However, if you were to ask about the cost of shipping widgets out of China to the UK and “How much would that cost per widget?”

There is no one answer to that.



Ensure That Documentation Is Correct.

Anthony: You’ve mentioned that project creators could be subject to certain liabilities when it comes to fulfilment. What would those be?

Richard: Compliance is very important at the outset. Ensuring that you have the right registrations with customs and incorporations in local countries if you need them, usually for very big campaigns.

Ensuring that documentation is correct and whether you need to register with organisations like the FDA or other health organisations.

You’re liable to having your goods impounded by customs or even destroyed if you’re not compliant.

To ensure the successful entry through the customs agencies into the markets of delivery, it’s important to look at:
What are the components of the product?
Where are they manufactured?
Are there any dangerous goods included?

Other liabilities may be the insurance of goods.

In the global supply chain there is always the risk that stuff can go missing: unfortunately boats do sink.

Again, products do get lost, so insurance is absolutely critical.

It’s About Managing Risk.

You analyse that, you look at that, you manage that risk effectively.

Other liabilities are VAT, duties and sales tax.

Make sure that you classify your product correctly so that you pay the right duties and sales taxes in the country of destination. If you don’t, you could get fined and receive a nasty bill in the post if you have a customs audit a few years later.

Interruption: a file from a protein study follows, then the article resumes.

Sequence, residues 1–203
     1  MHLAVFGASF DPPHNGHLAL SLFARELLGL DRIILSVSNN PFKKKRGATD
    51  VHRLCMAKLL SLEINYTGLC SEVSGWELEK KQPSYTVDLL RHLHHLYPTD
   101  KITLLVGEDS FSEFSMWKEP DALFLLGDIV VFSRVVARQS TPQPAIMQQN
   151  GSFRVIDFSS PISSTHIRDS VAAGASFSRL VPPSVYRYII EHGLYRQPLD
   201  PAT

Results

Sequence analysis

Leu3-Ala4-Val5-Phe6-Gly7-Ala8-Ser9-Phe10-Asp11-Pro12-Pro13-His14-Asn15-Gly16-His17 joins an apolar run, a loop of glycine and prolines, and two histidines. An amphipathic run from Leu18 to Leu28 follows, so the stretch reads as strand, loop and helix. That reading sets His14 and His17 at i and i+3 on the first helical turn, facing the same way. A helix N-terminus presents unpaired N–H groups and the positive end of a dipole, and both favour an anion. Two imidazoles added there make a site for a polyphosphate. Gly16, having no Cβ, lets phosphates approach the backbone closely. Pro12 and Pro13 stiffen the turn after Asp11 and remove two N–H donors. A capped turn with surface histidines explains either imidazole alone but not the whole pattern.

It’s really about managing risk.

The real risk is ensuring that you personally get your product to market, that your product meets the right criteria and specifications for those markets, and that you’ve registered with the correct organisations.

Insurance Is Critical.

Anthony: Talking about insurance, are you in a position to organise that as well?

Richard: Yes we can.

We’re not an insurance company but we have relationships with brokers and can offer insurance.

We do encourage clients to seek insurance through their own broker.

The liability that a freight forwarder, a mail service, or a courier service offers is extremely low. This means that unless you can prove negligence, you won’t get a penny back on the loss of a unit that might, for example, weigh a quarter of a kilo but be worth $300.

Even if you can prove negligence, you’re likely to get less than $10 from a shipping line, an airline or a mail service. Weigh up the pros and cons of getting your product insured; it may be that your product is fairly low value and therefore the cost of insurance is not warranted.